The vendor ID and the product ID of the K2 GPU are respectively 10de and 11bf. Thus we need to configure the scheduler as follows:

  # cat /etc/nova/nova.conf
  scheduler_driver = nova.scheduler.filter_scheduler.FilterScheduler

The pci_alias is used to match the extra parameters of a flavor with the selected PCI device. Hence, you need create a flavor that will be associated with the PCI devices that you want to attach:

  # nova flavor-key  m1.small set "pci_passthrough:alias"="k2:1"

Last but not least. You need to copy plugin files from /opt/stack/nova/plugins/xenserver/xenapi/etc/xapi.d/ of your devstack installation into the /etc/xapi.d/plugins/ directory of dom0. Overlooking this step would most probably result in plugin errors.

Restart the nova services. On your n-cpu screen you should see your PCI resources as available as shown below:

    2014-01-30 19:20:48.340 DEBUG nova.compute.resource_tracker [-] Hypervisor: assignable PCI devices: [{"status": "available", "dev_id": "pci_87:00.0", "product_id": "11bf", "dev_type": "type-PCI", "vendor_id": "10de", "label": "label_10de_11bf", "address": "87:00.0"}, {"status": "available", "dev_id": "pci_88:00.0", "product_id": "11bf", "dev_type": "type-PCI", "vendor_id": "10de", "label": "label_10de_11bf", "address": "88:00.0"}] from (pid=10444) _report_hypervisor_resource_view /opt/stack/nova/nova/compute/

If it is not the case, then check that your file nova.conf is correctly configured as described above.

Now, when you boot an instance using the flavor m1.small, one k2 will be attached to this instance. To be noted that the resources tracker will keep track of the PCI devices that you attached to your instances and so, creating a new GPU-accelerated instance will return an error when those resources are exhausted on all the compute nodes.

Now, everything should be ready to boot a GPU-accelerated instance:

  # nova boot --flavor m1.small --image centos6 --key-name mykey testvm1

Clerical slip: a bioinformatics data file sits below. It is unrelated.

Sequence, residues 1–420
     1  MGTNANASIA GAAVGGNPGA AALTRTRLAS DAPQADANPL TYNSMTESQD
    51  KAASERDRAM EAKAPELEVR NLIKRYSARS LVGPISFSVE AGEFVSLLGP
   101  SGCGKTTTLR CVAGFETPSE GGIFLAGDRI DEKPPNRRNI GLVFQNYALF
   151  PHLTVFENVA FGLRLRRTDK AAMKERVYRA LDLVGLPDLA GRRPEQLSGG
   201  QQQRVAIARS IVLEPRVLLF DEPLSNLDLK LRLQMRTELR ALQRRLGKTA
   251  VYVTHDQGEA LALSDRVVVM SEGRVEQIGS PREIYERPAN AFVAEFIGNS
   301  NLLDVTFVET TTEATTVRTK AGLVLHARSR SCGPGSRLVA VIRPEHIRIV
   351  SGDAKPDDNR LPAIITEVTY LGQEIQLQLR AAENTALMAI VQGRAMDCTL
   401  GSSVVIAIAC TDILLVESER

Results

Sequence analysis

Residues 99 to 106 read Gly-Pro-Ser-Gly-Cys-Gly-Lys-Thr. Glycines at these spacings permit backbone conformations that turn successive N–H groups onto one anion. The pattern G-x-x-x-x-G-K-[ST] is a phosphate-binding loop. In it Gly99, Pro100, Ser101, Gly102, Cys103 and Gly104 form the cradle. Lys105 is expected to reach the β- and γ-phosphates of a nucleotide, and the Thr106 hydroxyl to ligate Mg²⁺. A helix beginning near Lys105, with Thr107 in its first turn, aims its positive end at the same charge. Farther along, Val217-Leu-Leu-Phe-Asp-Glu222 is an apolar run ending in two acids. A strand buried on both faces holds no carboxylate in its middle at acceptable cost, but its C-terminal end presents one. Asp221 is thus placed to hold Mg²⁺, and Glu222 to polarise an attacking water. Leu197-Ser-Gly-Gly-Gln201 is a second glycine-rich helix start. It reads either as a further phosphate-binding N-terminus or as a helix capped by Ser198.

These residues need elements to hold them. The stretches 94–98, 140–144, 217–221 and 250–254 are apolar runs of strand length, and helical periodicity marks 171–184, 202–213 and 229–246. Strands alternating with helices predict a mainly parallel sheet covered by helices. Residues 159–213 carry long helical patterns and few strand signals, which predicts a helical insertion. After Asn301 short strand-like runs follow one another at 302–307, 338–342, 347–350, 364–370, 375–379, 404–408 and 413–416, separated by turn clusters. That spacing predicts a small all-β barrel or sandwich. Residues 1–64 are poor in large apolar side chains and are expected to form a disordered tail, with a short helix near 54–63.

xlcloud@devstackvm1:~$ nova list
  | ID           | Name    | Status | Task State | Power State | Networks           |
  | 92f4...f081a | testvm1 | ACTIVE | -          | Running     | private= |

Log into your instance to check which PCI devices are available:

  xlcloud@devstackvm1:~$ ssh  -l cloud-user
  Last login: Thu Jan 30 18:26:32 2014 from
  [cloud-user@testvm1 ~]$ lspci 
  00:00.0 Host bridge: Intel Corporation 440FX - 82441FX PMC [Natoma] (rev 02)
  00:01.0 ISA bridge: Intel Corporation 82371SB PIIX3 ISA [Natoma/Triton II]
  00:01.1 IDE interface: Intel Corporation 82371SB PIIX3 IDE [Natoma/Triton II]
  00:01.2 USB controller: Intel Corporation 82371SB PIIX3 USB [Natoma/Triton II] (rev 01)
  00:01.3 Bridge: Intel Corporation 82371AB/EB/MB PIIX4 ACPI (rev 01)
  00:02.0 VGA compatible controller: Cirrus Logic GD 5446
  00:03.0 SCSI storage controller: XenSource, Inc. Xen Platform Device (rev 01)
  00:05.0 VGA compatible controller: NVIDIA Corporation GK104GL [GRID K2] (rev a1)

As you can see in the output above, my instance is attached to the K2 GPU. The next step to run an actual graphic application, since in the end that's what we want to do, requires to install drivers of your graphic card manufacturer into your GPU-accelerated instance (in this case that would be the Nvidia driver for the K2).

  [cloud-user@testvm1 ~]$ nvidia-smi 
  Mon Feb  3 08:51:42 2014       
  | NVIDIA-SMI 331.38     Driver Version: 331.38         |                       
  | GPU  Name        Persistence-M| Bus-Id        Disp.A | Volatile Uncorr. ECC |
  | Fan  Temp  Perf  Pwr:Usage/Cap|         Memory-Usage | GPU-Util  Compute M. |
  |   0  GRID K2             Off  | 0000:00:05.0     Off |                  Off |
  | N/A   32C    P0    37W / 117W |      9MiB /  4095MiB |      0%      Default |
  | Compute processes:                                               GPU Memory |
  |  GPU       PID  Process name                                     Usage      |
  |  No running compute processes found                                         |

Okay, that's probably enough for today. In Part 2 of this post, I will show you how to setup a GPU-accelerated Nova instance to run an OpenGL application like the Unigine benchmark [7].

Guillaume Thouvenin XLcloud R&D

Wednesday 11 September 2013

Baremetal Driver and the Devstack.

You maybe know the Baremetal driver is quite experimental and planned to be replaced by the Ironic project. That said, there were recent improvements from the community which made the baremetal driver still very interesting to test. So as to get the latest updates, I tried to configure a Devstack for provisioning real baremetal hosts. Here are my notes from the install which can help some of you. I hope.

Continue reading...

XLcloud Blog and News has changed home

This is the new home of the XLcloud Project Blog and News. We had to change home because our former blog server had some RSS feed problems and limitations with regard to spam detection and it wasn't possible to post comments neither. Now those impediments are fixed. We are looking forward to reading your comments and suggestions. Our previous OpenStack related post are still accessible on